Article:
• Wed, Jan 26 2005 18:16 In reply to

    Arable land Rent and the SFP

    I think Clive is referring to the farmers out there that are still abusing rules and regulations rather than all smaller units in general. There are these rogues still out there and I am sure we all know one or two of them. The guys that dont pay seed roylaties, use chemicals that are no longer allowed. Dont bother with Lerap etc etc.
  • Wed, Jan 26 2005 21:53 In reply to

    Arable land Rent and the SFP

    Reading it all again , yes I am being harsh, and certainly Clive does not go as far as to say he will break any binding contracts in existance. Sorry Clive. I have to say btw that i dont directly know any idiot farmers left in the business,( but yes, that said, some local crop margins by ditches are suprisingly clean of difficult grass weeds.) It is prehaps the case that small farmers dont fully understand the cost/business structures of large farmers and vice versa. i.e. I would not like to tell my supposedly retired father of 70+ that he has an opportunity value of £6/hr in the local veg packhouse, any more than i would like to tell him he cannot spend a glorious september day ploughing on account of a)its the job i am payed to do (b) i have plenty of time to do it! (In our household if you want a days ploughing you better be gone by 5:00am otherwise its breakfast duty for you!) etc. He is happy combining all day too, esp it its standing & half decent. And if this free labour seems an unfair advantage, I am sorry but thats how it is.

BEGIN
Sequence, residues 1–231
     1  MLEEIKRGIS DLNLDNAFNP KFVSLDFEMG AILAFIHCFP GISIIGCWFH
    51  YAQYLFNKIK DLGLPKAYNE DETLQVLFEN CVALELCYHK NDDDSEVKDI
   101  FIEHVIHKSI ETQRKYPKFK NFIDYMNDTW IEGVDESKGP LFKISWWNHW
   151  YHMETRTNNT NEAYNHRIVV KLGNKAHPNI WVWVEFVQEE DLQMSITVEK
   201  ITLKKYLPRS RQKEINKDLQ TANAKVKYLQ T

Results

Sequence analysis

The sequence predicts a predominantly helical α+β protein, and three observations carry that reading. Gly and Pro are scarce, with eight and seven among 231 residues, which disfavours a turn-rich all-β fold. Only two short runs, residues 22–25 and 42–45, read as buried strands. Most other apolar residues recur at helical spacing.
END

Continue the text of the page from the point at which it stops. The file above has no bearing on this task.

• Thu, Jan 27 2005 9:45 In reply to

    Arable land Rent and the SFP

    This thread should not degenerate into a big farmer vs small farmer battle - we are all generally speaking in the same boat so surely it's best if we all padel in the same direction ? Some big farms are a joke - as you say hanging powerharrows off Quadtracs etc and thinking how efficent they are ! and yes some have been quilty of paying far too much rent way in excess of IACS payments. Now if I stand accused of generalising about the profesionalism of smaller farmers don't make the same generalisation about larger units - There are good profesional farmer and bad cowboy rule breakers of all sizes. In our case we have never payed more than an IACS level of rent for combinable crop land or in the case of contract farming agreement the rent equilv has been equal to IACS. My original point is that sps should not change this at all and if as predicted sps comes out at £10/ac ish less, then rents or equilvalents should fall £10 accordingly. If all of a sudden you are farming a parcel of land with no historical then the rent should again be reflected by whatever you can claim in regional or national reserve payments - would you have ever payed £95/ac for none IACS registered land to grow wheat on in the past ? I hope not, so why should you pay anything like taht for land with no historical ? I have now had reaction from some of the landlords that have recieved the letter I sent out explaining our position re the sps - 100% that have so far replied say they understand fully and want a sustainable agreement and don't expect anyone to farm it at a loss - They have so far been quite happy to reduce rents to the level of sps on their land parcel once we know what it is. Still a few to hear from yet though so it may not be all plain sailing ! I would suggest that all farmer that rent or contract farm land sent out a similar letter